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Loving is risky. It holds us down underwater until we break free into it, gasping for air, coughing. We disappear into it and reappear like little stars. We shame ourselves, as so many in the past have taught us to do. That to love so nakedly, so far into the bone, is dangerous and unrealistic. That it’ll change into gas and vanish as soon as we come up for air. We make up new words for sorrow when we lose someone. We approach death with a stick, pointing it before us as scry and sword. We inhibit and dowse ourselves in protection, following a path in the snow left by deer.

It has been a long winter.

We have spent the past two weeks hurting from things not said. We have spent the past two weeks gasping for air.

Falling again and again into openness and feeling around in the river for the driftwood I thought was a tree. Are you a tree? My mom said, about a guy I was hopelessly in love with in college: he’s like a piece of driftwood. So began my initiation into love, a piece of driftwood.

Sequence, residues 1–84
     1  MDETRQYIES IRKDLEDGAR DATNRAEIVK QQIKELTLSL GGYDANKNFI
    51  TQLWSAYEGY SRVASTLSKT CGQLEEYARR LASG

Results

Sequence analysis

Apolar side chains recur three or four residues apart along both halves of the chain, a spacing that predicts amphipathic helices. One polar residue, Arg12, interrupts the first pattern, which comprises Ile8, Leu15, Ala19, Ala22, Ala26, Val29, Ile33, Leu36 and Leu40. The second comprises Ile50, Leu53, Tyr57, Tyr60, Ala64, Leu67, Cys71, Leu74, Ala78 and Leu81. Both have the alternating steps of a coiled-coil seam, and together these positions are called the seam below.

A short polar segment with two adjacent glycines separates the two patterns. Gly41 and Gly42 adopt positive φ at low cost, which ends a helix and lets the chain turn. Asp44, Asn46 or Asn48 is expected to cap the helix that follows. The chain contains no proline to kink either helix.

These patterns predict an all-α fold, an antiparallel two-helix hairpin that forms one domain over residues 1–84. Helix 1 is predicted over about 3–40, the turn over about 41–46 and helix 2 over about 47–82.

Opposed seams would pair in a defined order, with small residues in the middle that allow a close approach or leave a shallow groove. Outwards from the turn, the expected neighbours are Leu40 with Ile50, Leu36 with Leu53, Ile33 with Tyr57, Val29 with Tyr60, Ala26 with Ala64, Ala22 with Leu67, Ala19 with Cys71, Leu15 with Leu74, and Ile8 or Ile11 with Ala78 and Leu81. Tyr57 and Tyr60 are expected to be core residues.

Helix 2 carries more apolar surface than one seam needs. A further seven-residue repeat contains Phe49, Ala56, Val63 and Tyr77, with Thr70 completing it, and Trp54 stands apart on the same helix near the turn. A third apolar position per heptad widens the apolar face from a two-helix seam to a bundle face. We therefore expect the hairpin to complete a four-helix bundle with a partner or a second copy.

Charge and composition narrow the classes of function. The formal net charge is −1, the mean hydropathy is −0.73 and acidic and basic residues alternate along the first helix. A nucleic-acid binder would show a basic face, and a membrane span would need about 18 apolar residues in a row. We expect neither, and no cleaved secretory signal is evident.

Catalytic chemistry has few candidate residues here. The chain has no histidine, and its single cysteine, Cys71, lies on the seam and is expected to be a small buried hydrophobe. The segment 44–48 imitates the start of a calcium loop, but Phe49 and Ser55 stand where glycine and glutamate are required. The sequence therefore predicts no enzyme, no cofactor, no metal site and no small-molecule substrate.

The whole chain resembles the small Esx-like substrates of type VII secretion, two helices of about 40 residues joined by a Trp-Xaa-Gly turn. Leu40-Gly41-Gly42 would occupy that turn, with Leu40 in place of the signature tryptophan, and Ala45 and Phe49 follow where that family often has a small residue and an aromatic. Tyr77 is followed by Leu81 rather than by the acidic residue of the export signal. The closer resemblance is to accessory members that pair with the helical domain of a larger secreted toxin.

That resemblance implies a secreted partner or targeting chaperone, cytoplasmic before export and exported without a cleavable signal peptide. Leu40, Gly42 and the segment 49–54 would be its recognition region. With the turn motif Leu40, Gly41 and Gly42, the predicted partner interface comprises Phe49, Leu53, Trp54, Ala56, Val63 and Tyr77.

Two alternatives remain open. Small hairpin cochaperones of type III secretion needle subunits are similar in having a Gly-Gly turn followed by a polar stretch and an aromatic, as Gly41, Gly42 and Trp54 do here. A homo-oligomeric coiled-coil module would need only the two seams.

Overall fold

There is a pair of practices and journeys we do in shamanism called dismemberment and remembering. We go through the dismemberment, letting go of unhealthy attachments, illness, heavy emotional patterns, anything that we have taken on that we want to let go of. Then we ask to be remembered as whole, healthy, and illuminated. For a long time, I named it disintegration because the word “dismemberment” threw me and felt too violent. I was able to disintegrate my body into the night sky and become a star. It was lightening and releasing. Seeing myself and others in divine light, filled with the power and essence and light of the universe, of what we name as divine, is a deep and profound experience. It takes discipline and focus. It requires letting go of all judgments, thoughts, preconceptions, prejudices, conformity to which we hold ourselves and by which we define ourselves. It requires letting go of the body. We let go into the void and are born again out of nothingness.